Binding and transfer of verocytotoxin by polymorphonuclear leukocytes in hemolytic uremic syndrome.
The hemolytic uremic syndrome (HUS) is the most common cause of acute renal failure in children. The role of a verocytotoxin (VT)-producing Escherichia coli has been strongly implicated in the epidemic form of HUS. Although direct toxicity of VT on glomerular endothelial cells has been demonstrated, it remained still unclear how the VT is transported from the intestine to the target organs. In this study we demonstrate that VT, when incubated in whole blood, binds rapidly and completely to human polymorphonuclear leukocytes (PMNs) and not to other components of blood. Binding studies with (125)I-VT-1 showed a single class of binding sites on freshly isolated, nonstimulated human PMNs. The K(d) of VT-binding to PMNs was 10(-8) mol/L, 100-fold less than that of the VT-receptor globotriaosylceramide. On incubation of VT-preloaded PMNs with human glomerular microvascular endothelial cells (GMVECs), transfer of VT-1 to the endothelial cells occurred. Incubation of nonstimulated GMVECs with VT-preloaded PMNs, but not with PMNs or VT-1 alone, caused inhibition of protein synthesis and cell death. Our data are in concert with a role of PMNs in the transfer of VT from the intestine to the kidney endothelium. This transfer occurs by selective binding to a specific receptor on PMNs and subsequent passing of the ligand VT to the VT-receptor on GMVECs, which causes cell damage. This new mechanism further underpins the important role of PMNs in HUS.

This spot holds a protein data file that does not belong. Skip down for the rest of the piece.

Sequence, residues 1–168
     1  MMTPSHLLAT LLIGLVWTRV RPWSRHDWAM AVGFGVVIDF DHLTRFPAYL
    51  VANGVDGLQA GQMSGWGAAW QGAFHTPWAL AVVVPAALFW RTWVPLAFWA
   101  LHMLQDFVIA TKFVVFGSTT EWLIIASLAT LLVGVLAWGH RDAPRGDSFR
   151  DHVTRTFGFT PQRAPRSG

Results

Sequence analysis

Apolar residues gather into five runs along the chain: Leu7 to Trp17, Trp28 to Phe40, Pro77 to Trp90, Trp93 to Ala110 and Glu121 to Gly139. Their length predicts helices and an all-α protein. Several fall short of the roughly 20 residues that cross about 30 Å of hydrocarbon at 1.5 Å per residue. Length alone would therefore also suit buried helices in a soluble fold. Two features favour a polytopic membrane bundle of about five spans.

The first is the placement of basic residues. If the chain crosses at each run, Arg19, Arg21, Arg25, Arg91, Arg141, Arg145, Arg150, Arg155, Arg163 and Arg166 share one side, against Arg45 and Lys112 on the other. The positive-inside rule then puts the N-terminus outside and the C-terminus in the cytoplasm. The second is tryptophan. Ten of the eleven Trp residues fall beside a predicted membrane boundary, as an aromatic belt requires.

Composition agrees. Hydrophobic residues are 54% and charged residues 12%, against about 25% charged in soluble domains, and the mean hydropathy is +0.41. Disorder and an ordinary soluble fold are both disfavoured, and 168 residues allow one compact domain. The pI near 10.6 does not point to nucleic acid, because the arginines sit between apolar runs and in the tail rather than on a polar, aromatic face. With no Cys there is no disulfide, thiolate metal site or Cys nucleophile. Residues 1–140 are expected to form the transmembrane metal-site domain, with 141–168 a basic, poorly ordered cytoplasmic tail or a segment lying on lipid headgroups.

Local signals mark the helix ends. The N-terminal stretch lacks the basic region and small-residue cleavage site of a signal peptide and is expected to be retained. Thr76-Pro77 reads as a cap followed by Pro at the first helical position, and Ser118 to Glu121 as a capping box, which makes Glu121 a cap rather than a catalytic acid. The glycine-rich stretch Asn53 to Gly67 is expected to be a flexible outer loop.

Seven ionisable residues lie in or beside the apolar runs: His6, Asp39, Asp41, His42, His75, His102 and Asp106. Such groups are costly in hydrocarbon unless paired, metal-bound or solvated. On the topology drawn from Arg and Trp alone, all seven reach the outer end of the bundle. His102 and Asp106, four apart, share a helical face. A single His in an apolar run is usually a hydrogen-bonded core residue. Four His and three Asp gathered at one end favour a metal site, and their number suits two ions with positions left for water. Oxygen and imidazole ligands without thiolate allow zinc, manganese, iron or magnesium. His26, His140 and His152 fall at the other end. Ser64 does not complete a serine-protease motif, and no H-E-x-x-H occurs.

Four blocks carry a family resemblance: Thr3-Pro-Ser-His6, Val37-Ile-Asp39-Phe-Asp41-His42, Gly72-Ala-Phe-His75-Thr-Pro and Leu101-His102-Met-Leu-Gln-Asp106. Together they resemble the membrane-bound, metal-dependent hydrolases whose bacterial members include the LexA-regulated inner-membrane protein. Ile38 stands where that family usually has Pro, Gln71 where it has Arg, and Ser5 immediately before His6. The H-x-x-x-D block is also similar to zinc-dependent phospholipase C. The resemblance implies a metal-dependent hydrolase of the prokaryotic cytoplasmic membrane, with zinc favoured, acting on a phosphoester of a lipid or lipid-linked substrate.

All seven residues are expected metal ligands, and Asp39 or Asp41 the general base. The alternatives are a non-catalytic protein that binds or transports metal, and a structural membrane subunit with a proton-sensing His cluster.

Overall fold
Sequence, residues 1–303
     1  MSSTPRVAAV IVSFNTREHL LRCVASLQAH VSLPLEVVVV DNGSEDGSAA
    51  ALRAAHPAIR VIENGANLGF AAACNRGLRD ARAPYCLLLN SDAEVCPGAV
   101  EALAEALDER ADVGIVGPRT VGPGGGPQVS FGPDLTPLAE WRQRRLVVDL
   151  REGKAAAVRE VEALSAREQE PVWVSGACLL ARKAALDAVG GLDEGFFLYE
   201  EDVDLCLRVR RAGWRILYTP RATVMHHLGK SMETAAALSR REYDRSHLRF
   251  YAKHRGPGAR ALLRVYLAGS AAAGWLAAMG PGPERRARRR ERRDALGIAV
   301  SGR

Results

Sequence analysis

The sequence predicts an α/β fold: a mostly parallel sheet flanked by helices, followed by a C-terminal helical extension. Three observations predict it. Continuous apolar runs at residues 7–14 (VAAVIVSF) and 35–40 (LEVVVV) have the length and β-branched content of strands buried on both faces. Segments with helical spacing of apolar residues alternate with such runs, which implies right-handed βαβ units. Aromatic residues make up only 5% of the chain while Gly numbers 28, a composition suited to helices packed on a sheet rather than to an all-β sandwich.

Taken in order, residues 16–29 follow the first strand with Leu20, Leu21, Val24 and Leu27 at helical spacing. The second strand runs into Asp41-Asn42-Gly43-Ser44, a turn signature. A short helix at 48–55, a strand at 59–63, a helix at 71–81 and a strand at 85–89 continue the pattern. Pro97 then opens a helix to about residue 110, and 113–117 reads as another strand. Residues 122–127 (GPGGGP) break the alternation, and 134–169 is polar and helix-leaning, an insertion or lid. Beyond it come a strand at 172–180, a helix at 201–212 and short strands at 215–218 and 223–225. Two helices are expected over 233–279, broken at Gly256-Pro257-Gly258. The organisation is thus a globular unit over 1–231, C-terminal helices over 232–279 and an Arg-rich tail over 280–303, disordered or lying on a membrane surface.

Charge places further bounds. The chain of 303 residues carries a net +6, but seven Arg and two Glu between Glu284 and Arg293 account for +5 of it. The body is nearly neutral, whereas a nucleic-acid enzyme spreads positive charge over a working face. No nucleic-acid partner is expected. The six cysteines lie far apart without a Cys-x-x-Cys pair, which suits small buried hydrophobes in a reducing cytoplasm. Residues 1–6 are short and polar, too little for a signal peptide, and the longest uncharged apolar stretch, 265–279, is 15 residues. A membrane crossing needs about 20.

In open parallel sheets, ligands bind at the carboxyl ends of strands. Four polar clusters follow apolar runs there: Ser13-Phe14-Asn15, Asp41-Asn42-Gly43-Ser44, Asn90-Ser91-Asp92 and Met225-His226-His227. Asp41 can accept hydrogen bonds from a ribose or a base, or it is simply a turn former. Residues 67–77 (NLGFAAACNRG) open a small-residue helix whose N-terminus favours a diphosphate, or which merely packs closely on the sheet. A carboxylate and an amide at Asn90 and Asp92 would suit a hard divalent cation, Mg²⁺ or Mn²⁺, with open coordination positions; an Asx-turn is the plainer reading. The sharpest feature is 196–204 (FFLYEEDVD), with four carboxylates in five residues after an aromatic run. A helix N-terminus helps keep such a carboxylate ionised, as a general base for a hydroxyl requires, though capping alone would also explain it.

All material on this website is protected by copyright, Copyright © 1994-2024 by WebMD LLC.
This website also contains material copyrighted by 3rd parties.
Your Privacy Choices